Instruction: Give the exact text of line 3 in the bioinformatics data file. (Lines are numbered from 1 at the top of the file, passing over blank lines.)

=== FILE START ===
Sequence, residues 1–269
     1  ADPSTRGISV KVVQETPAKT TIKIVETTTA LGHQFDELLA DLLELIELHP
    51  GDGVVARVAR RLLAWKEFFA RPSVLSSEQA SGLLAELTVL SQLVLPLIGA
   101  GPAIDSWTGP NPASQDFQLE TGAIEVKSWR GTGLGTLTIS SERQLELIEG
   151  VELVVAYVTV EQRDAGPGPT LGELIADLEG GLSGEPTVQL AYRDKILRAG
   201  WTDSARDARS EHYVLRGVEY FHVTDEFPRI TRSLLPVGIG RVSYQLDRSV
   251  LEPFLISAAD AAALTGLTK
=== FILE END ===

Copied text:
    51  GDGVVARVAR RLLAWKEFFA RPSVLSSEQA SGLLAELTVL SQLVLPLIGA